The Pennants system at HC1PF
After the first days of activity I realized that the TX antenna was very efficient and I could not pull out of the noise all the stations calling me.
No way to listen on the inverted L, due to the high noise, the rotatable flag was doing its job honestly, but I needed some alternatives. So it was the time to install some of the pennants I carried from Italy. There I was using two groups of three pennants, with 90 meters of separation and phased in a broadside configurations (see this page), but not space enough here.
On the other side I promised to the XYL to keep a low profile with the least impact of antennas, so I stuck four 3 m. timber poles on the corners of the vegetable garden and on them I tied the pennants for four directions.
One of the nice features of pennants and flags is their independence from ground so no nuisance to gardening and foot traffic with low wires.
Fortunately I had already provided buried coax and control lines to reach the central box in that area.
I modified one of my old switching boxes to accommodate the fourth position and carefully checked everything.
Before rising the pennants in the final position I tested the system from the shack with the AEA CIA analyzer and it was evident something wrong.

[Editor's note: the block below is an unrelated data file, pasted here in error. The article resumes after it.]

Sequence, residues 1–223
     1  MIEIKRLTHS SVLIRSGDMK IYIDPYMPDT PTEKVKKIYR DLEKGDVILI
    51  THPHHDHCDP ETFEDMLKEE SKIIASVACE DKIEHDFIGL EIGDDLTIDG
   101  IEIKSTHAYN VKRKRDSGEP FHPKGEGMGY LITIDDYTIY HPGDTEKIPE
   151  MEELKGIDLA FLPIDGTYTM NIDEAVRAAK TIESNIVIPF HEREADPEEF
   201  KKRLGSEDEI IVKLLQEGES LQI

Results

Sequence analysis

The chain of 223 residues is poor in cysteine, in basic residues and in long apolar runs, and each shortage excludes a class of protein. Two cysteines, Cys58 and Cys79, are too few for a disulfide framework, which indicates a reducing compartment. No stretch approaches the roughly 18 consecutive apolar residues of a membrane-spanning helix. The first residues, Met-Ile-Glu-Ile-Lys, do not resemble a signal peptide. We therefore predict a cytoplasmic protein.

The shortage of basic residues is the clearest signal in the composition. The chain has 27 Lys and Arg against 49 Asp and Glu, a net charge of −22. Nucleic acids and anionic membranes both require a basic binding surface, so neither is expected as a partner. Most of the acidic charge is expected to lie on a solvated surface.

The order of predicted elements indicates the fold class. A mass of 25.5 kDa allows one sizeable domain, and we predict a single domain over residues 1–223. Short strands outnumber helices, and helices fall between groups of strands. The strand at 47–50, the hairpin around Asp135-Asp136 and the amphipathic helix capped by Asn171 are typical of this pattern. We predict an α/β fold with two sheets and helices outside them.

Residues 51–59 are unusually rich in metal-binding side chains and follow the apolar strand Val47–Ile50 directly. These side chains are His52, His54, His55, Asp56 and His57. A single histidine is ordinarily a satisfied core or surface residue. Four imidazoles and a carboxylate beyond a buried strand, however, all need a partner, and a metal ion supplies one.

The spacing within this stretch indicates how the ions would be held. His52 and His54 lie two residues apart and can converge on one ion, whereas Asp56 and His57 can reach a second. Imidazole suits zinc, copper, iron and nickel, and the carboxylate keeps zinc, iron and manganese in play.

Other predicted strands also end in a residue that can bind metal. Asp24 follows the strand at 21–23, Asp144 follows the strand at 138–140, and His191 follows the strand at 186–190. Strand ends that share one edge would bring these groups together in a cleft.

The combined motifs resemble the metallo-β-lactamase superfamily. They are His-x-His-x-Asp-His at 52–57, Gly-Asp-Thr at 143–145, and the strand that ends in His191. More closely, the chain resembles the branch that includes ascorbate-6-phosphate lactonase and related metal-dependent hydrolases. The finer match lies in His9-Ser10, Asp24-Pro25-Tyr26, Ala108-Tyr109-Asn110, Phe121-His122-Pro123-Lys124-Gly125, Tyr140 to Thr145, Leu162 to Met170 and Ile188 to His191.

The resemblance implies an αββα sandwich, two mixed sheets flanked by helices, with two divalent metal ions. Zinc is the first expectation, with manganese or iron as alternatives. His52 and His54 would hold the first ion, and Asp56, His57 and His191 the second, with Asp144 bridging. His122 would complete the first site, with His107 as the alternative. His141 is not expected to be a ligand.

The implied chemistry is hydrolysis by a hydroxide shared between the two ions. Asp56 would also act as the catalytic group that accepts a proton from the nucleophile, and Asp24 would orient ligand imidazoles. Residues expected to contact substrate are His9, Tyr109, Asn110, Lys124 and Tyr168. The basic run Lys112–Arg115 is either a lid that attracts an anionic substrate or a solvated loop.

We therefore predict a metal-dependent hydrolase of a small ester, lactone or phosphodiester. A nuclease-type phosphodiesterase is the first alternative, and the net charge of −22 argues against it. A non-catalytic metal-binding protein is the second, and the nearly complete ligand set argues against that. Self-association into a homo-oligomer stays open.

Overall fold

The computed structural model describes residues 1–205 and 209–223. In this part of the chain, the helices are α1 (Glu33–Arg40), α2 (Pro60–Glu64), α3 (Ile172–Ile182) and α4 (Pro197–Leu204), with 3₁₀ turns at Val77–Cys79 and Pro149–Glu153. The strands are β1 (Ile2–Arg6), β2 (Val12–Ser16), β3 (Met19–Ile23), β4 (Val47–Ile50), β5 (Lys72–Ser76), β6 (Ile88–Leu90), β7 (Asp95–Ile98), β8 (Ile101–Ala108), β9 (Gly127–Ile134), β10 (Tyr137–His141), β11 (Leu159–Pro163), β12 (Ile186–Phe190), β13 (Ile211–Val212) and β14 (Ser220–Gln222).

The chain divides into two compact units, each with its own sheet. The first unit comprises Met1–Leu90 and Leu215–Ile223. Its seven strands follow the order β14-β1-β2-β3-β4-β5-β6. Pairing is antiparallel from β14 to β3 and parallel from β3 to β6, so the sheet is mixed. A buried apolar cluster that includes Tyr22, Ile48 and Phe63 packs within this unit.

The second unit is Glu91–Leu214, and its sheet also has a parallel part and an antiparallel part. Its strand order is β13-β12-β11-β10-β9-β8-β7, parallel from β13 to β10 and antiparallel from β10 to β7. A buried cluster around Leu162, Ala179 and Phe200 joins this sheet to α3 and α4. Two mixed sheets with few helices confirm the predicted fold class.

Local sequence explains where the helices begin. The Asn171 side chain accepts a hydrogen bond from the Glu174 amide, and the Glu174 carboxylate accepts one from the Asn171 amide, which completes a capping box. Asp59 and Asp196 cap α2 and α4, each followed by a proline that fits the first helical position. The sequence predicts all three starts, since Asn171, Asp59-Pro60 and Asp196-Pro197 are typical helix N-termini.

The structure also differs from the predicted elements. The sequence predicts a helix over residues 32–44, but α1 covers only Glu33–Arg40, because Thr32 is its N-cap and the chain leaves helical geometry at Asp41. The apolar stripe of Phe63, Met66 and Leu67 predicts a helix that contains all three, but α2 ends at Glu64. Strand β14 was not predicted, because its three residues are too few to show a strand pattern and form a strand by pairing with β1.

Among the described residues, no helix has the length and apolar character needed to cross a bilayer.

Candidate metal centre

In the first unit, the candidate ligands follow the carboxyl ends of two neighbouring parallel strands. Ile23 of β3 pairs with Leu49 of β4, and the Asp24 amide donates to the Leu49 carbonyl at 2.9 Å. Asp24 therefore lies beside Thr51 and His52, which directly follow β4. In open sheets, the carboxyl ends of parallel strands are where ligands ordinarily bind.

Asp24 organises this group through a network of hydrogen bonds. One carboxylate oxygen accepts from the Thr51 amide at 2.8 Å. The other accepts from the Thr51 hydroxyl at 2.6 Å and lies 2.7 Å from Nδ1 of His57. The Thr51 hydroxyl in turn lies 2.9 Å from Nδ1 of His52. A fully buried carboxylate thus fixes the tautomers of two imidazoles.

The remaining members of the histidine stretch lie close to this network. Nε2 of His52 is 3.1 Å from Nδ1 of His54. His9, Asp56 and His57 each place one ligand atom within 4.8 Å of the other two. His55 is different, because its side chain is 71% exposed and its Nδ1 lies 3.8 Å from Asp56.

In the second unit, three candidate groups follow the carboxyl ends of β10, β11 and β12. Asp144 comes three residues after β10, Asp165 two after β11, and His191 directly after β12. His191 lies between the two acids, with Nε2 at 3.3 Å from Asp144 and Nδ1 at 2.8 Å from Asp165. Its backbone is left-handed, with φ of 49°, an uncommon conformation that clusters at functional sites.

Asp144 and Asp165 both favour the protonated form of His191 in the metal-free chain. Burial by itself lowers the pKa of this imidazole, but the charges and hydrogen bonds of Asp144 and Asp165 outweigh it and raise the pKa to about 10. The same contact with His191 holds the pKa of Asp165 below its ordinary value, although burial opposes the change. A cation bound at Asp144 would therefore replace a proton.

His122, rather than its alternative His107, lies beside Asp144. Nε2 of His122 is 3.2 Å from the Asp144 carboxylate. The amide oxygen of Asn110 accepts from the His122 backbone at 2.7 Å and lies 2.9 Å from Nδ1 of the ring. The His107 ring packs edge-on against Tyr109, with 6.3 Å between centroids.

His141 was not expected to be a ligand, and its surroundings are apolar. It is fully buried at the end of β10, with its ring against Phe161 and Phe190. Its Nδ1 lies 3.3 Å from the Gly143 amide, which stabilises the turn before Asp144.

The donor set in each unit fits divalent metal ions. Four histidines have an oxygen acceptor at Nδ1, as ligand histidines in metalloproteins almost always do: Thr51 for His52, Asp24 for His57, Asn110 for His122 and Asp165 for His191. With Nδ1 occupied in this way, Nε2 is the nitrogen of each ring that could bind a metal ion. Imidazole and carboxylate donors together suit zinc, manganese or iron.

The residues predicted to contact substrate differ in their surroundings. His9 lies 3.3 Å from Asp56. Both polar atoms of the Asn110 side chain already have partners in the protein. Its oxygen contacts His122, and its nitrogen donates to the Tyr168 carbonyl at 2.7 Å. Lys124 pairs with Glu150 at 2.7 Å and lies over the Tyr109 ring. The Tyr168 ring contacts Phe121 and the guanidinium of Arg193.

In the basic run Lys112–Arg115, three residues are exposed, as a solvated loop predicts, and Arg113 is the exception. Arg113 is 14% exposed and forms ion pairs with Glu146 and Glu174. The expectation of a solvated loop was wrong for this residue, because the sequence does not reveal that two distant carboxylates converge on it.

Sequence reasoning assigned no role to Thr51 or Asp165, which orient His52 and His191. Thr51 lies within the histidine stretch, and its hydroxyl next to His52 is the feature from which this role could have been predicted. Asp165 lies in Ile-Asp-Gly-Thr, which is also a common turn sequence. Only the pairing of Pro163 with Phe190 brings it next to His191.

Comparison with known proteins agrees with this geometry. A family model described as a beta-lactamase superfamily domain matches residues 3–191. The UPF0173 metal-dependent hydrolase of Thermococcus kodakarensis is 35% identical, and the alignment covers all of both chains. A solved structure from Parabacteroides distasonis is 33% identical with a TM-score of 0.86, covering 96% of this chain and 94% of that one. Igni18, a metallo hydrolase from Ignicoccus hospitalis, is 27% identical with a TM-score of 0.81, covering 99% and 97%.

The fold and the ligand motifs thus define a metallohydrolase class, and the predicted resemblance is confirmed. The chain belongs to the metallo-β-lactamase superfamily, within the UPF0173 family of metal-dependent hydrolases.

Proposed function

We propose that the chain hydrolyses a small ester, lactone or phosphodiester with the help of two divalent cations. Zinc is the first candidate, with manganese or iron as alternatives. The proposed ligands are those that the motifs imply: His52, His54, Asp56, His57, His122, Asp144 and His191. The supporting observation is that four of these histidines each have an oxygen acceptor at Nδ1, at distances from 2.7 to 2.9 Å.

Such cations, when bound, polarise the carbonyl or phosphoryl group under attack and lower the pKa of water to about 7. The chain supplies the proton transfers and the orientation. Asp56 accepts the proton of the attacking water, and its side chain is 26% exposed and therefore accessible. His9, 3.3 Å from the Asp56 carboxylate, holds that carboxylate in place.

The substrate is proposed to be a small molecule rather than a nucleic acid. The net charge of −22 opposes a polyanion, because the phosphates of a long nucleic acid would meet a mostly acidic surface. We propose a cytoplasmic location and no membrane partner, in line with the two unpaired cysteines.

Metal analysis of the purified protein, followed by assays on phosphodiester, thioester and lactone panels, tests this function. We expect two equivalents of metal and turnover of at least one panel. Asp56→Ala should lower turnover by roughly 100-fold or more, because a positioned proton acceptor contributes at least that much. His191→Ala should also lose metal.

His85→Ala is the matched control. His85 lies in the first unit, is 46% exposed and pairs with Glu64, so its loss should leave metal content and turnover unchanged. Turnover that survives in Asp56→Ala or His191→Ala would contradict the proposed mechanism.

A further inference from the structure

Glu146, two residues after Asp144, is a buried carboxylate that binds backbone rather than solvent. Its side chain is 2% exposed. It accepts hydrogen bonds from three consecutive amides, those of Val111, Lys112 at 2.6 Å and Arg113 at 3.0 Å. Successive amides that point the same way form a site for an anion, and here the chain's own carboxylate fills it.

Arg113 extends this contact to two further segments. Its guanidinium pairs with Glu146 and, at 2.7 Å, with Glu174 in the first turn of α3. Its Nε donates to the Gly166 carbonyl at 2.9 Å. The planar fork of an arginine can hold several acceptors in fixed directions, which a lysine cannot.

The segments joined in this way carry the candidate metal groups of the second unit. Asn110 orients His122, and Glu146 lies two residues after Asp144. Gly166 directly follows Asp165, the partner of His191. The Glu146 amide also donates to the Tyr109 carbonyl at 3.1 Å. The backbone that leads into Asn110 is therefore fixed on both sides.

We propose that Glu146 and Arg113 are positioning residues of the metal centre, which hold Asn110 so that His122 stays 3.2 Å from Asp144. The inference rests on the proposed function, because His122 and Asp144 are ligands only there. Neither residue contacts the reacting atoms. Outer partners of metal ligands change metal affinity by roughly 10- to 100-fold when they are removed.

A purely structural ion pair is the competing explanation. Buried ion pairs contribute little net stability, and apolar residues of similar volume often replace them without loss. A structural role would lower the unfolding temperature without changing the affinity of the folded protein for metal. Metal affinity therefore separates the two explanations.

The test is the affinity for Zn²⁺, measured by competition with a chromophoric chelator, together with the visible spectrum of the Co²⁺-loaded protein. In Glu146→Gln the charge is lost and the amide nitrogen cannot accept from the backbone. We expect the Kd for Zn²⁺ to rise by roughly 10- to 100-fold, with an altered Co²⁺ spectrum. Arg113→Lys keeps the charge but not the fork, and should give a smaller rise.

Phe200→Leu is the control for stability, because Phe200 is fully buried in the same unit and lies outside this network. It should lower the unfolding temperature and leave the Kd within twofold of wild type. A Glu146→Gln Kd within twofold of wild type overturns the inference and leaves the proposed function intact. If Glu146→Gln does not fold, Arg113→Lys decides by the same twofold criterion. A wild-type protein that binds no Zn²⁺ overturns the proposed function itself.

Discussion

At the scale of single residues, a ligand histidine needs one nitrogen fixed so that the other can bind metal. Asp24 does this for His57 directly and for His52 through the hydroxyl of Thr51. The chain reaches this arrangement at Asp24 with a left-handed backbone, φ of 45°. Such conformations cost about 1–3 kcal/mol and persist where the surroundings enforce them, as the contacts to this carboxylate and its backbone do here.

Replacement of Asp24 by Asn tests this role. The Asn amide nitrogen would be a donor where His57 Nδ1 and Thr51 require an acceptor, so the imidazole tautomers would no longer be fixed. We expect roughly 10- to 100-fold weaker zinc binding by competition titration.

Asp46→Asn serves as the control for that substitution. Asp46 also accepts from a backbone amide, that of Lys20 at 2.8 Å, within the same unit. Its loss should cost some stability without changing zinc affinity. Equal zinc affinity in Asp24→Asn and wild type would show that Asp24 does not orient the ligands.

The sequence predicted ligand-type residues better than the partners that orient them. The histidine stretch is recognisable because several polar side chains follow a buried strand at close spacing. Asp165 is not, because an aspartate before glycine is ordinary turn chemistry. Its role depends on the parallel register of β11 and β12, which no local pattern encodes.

Checking at the base, the antennas were switching and working correctly, so the issue was in the feed line and found the culprit in a buried common noise choke connector. I changed it with a new one, wound on the new FT140-31core.
This is the analyzer graph showing the correct impedance of one of the pennants.
This is the central box at 4 m. height. All the system has been raised above the brick wall and the electric fence.
This picture shows the TX antenna and its FCP counterpoise, which is only 10 meters long and thus, does not interfere too much with the pennants as the ¼ elevated radials had done.
Anyway these pennants perform exactly as well as the rotatable flag: no difference by switching them or turning the other ….so next plans is to take them down and substitute with an horizontal loop. As demonstrated by the performance of the “long” inverted L my signal couples well with the ionosphere at high angles, so it would be worth trying a high angle antenna also on reception.
Quito, February 15, 2015 Luis HC1PF ex IV3PRK